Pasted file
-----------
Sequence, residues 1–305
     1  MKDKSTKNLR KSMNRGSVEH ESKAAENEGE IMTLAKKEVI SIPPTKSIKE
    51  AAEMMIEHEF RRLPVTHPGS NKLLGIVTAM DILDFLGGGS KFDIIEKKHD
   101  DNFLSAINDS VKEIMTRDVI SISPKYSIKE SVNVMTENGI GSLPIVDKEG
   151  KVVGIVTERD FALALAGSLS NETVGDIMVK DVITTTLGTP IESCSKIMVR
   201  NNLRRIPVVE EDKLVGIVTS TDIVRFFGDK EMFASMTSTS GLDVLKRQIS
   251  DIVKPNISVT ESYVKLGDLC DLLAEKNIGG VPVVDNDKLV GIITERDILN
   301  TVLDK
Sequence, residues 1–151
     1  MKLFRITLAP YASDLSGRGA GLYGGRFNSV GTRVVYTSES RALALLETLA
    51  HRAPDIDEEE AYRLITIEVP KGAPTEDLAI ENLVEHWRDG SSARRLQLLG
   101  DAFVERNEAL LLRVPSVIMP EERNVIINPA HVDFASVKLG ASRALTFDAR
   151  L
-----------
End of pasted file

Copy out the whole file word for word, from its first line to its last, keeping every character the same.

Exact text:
Sequence, residues 1–305
     1  MKDKSTKNLR KSMNRGSVEH ESKAAENEGE IMTLAKKEVI SIPPTKSIKE
    51  AAEMMIEHEF RRLPVTHPGS NKLLGIVTAM DILDFLGGGS KFDIIEKKHD
   101  DNFLSAINDS VKEIMTRDVI SISPKYSIKE SVNVMTENGI GSLPIVDKEG
   151  KVVGIVTERD FALALAGSLS NETVGDIMVK DVITTTLGTP IESCSKIMVR
   201  NNLRRIPVVE EDKLVGIVTS TDIVRFFGDK EMFASMTSTS GLDVLKRQIS
   251  DIVKPNISVT ESYVKLGDLC DLLAEKNIGG VPVVDNDKLV GIITERDILN
   301  TVLDK
Sequence, residues 1–151
     1  MKLFRITLAP YASDLSGRGA GLYGGRFNSV GTRVVYTSES RALALLETLA
    51  HRAPDIDEEE AYRLITIEVP KGAPTEDLAI ENLVEHWRDG SSARRLQLLG
   101  DAFVERNEAL LLRVPSVIMP EERNVIINPA HVDFASVKLG ASRALTFDAR
   151  L